That’s not to say Fleck doesn’t try to be funny. Though he enjoys working as a clown-for-hire, and is rather good at it, he aspires to be a beloved stand-up comedian, the kind that graces the sound-stage of his favorite late-night talk show. Fleck seems to have a good grasp of his differences (“The worst part about having a mental illness is people expect you to behave as if you don’t,” he writes in his journal) and is not delusional, except, seemingly, where his stand-up ability is concerned. This is where Phillips’ story borrows heavily from the film King of Comedy, as plenty of critics have pointed out: Fleck cannot properly connect with the larger public, doesn’t grasp the structure of a joke and lacks charisma. His failure is inevitable, and his dreams tragic. He is not special.

(Though it’s tempting to see the comedy plot as some kind of analogue to Todd I-Quit-Comedy-Because-Woke-Culture-Ruined-It Phillips’ career, it’s a loose connection, and it gives me a headache just thinking about psychoanalyzing the jaded director of The Hangover, credited with such acting roles as “Foot Lover,” “Gang Bang Guy” and “Mr. Creepy.”)

The best scenes have nothing to do with Fleck’s career aspirations or societal hang-ups. Neither are they the ones that remind you you’re watching a DC film, though not technically in the DC Extended Universe (there is more fan service at work than I expected to find, particularly in a series of second-act plot twists). What I most enjoyed were the elements of Joker that feel straight out of a psychological horror film. I relished the sense of dread that came with Fleck’s increasingly blasé attitude towards violence — not the cringey, shoddy way Phillips and Silver’s third-act dialogue tries to justify that violence.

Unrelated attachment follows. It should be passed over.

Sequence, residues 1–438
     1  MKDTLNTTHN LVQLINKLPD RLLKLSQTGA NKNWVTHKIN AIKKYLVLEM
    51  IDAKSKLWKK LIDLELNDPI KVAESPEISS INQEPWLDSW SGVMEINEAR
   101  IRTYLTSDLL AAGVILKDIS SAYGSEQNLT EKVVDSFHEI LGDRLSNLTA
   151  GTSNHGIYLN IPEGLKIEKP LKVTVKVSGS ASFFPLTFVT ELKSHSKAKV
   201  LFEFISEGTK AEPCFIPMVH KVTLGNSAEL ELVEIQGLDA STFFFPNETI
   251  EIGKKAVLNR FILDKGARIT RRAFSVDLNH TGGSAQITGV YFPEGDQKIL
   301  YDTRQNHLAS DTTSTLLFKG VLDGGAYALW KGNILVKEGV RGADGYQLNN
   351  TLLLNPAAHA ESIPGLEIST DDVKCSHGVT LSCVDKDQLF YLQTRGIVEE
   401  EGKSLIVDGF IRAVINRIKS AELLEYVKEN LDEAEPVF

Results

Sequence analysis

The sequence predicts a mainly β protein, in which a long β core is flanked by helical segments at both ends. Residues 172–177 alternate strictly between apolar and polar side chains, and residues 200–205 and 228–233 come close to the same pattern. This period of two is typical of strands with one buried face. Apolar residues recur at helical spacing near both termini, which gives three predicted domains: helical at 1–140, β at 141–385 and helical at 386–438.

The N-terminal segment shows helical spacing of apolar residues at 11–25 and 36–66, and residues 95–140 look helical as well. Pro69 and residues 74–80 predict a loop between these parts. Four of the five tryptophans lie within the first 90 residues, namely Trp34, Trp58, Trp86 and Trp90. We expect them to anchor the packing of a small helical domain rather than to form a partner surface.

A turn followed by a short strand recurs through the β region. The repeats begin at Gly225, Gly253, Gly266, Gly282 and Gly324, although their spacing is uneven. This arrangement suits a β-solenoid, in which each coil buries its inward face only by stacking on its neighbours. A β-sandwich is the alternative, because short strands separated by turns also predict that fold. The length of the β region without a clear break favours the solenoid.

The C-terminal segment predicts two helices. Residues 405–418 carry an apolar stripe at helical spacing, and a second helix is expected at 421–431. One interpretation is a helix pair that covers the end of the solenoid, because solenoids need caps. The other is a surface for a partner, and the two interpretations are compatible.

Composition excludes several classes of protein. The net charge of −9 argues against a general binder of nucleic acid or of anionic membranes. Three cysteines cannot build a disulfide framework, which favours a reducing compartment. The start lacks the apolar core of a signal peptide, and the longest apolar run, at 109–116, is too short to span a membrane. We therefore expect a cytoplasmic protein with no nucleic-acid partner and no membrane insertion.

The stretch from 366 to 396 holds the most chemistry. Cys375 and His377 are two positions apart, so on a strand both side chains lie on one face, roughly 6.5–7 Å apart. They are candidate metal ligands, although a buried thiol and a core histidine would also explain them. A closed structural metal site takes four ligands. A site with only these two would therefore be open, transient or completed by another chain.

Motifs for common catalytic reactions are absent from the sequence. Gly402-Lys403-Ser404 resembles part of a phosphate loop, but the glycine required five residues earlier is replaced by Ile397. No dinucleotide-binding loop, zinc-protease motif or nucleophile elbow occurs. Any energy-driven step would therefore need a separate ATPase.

Joaquin Phoenix as Arthur Fleck in ‘Joker’ (2019) — film still

At the risk of sounding like a total suck-up, my favorite part of seeing Joker was experiencing it in FilmScene’s new Chauncey theater. The seats are spacious and comfortable, the projection crisp, and every cackle, gunshot and Nat King Cole tune came through loud and clear — all creating an immersive, almost exhilarating experience.

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I didn’t walk away from the film with the sense it’s inherently problematic or dangerous; that strikes me as a bit of an exaggeration, like blaming “My Way” for the “My Way” killings, rather than the murderers who apparently used the song as set dressing for their crimes. Joker is just not especially important, or original, or quotable. Its politics are simplistic, and its protagonist, themes and imagery are more straight imitation of, rather than tasteful ode to, better films, including Taxi Driver and The Dark Knight. It’s convincing enough as an origin story for a Heath Ledger-esque Joker, but I don’t know how much that’s worth — I tend to find villains are stronger when they’re more enigmatic, their psychologies harder to dissect.

I wish I could give this film a heartier recommendation, but I am recommending it nonetheless. Phoenix is great (though hardly a revelation — the man’s been killing it for years), it’s always nice to have seen the year’s buzziest movies come awards season and Joker is at least as good as any B-serial-killer thriller you’ll watch this October.